Superfoods are loaded with vitamins, minerals, and antioxidants and a great addition to a healthy diet. Even if their nutritional benefits don’t grab your attention, we have good news: the Peruvian superfoods that we share with you in this blog are also ridiculously delicious too.
From the outside lucuma looks like an avocado, but cut it open and its insides reveal golden orange tones.
Lucuma is known as the preferred fruit of the Incas, and we think we know why. It has a wonderfully creamy texture and tastes a bit like a mellow sweet potato with a touch of maple and caramel. We can’t get enough of it!
Let’s not forget about its healthy properties.
- This superfood contains 14 essential trace elements, including sodium, magnesium, calcium and potassium. As such, lucuma is ideal for keeping your bones healthy and strong.
- And there is more! Eating lucuma also helps in mitigating the effects of aging because it is a natural detox fruit.
Also known as the Inca berry, goldenberries are another superfood that make a great snack or addition to your morning breakfast. In Peru, goldenberries are called aguaymantos. This fruit has a strong citric flavor with a little sweetness too. It is like eating a zesty pineapple that has the same size and texture of a small tomato.
This fruit may only be the size of a tiny marble, but don’t underestimate its health benefits.
- Goldenberries are a great source of antioxidants and jam-packed with anti-inflammatory and antihistamine properties. You can rest assured that eating a bunch of these berries is good for you and your heart.
- Vegetarians and vegans often look for easy ways to add ample amounts of protein into their diet. We’re here to tell you that goldenberries may just be what you’re looking for! A big handful of these berries, or 100 grams, provides you with about 2 grams of protein.
- Eating goldenberries can also boost your immune system because they have vitamins A, C, B1, B2 and B6.
Kiwicha is one of the main cereals eaten in Peru. In fact, this grain is easily added to a variety of recipes and everyday products. Kiwicha, for example, is found in milk, yogurt, juices, salads, and it can even be used to bread your meats.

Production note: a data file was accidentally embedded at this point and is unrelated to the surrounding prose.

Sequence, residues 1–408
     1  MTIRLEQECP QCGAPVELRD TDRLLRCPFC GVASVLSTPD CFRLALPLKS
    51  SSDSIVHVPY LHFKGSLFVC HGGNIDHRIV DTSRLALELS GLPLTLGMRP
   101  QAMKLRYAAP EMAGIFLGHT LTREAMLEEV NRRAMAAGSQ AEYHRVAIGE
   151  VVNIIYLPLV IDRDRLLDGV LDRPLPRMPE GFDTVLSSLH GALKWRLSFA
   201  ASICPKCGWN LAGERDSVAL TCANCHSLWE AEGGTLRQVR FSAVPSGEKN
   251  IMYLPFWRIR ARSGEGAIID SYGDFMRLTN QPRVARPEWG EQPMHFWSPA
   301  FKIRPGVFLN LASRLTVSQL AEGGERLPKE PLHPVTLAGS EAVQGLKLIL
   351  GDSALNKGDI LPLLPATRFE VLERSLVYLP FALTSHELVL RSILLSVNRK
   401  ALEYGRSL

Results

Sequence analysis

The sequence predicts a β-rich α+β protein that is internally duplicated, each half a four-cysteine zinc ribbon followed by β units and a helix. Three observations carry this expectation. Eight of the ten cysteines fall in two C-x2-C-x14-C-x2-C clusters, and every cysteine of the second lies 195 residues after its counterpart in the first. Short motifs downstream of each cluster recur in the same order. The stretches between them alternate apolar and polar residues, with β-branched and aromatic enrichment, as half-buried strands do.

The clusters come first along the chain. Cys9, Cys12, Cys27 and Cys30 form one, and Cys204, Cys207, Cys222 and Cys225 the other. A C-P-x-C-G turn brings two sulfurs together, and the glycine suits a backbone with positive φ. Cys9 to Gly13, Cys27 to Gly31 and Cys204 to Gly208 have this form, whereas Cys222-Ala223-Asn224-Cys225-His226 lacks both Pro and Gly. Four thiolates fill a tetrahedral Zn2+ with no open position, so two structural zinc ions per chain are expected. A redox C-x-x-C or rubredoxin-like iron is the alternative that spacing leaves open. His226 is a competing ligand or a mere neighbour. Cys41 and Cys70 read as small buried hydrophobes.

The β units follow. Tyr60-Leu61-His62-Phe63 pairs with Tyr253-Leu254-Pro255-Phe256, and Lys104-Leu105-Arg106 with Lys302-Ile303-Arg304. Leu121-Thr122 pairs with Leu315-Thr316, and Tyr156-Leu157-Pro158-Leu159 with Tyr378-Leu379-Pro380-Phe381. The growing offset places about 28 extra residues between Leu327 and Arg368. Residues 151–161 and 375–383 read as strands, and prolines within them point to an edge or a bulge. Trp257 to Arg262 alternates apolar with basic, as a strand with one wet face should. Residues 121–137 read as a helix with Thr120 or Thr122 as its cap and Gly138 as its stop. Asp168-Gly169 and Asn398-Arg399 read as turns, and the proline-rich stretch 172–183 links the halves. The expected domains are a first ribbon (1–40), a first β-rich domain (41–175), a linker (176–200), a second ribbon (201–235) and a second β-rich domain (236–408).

Kiwicha is often referred to as “mini quinoa” but don’t be fooled by the word mini. This cereal is extremely dense with nutritional benefits.
- It is high in fiber that helps your cardiovascular health.
- Kiwicha is gluten free!
- The cereal is full of calcium and vitamins B6 and B9. There properties can help lower your cholesterol and triglycerides.
Yes, you read that correctly, corn that is purple. This type of corn only grows in Peru and has been cultivated by cultures from the region for thousands of years.
So, you’re probably wondering where this corn gets its purple hue? The pigment responsible for its dark purple color is anthocyanin, which has the healthy perks like helping boost your immune system, promoting blood circulation, and providing a lot of antioxidants to keep feeling youthful.
Here are some ways you can consume purple corn in a savory fashion:
- In Peru, it’s very common to drink a purple corn beverage called chicha morada. Best enjoyed in the summertime, this refreshing drink is flavored with fruit, cinnamon, cloves, and sugar.
- Or, treat yourself to mazamorra morada, a typical Peruvian dessert. It has a pudding-like texture and spiced with cinnamon and cloves to give the dessert its signature berry pie-like flavored filling. Typically, the dessert is served with rice pudding.
A few years ago we debuted our first blog about superfoods, and with the buzz of superfoods stronger than ever, we wanted to expand your knowledge of healthy know-how with the benefits of lucuma, goldenberries, kiwicha, and purple corn.
Ready to explore the homegrown superfoods and delicious food from Peru? Contact us for a customized itinerary. Click “Go Discover” now.
Born and raised in Lima, Andres joined our team after finishing his university degree. He is a creative type who is very passionate about illustration, and we’re grateful for all the Peru know-how he shares with us and our travelers.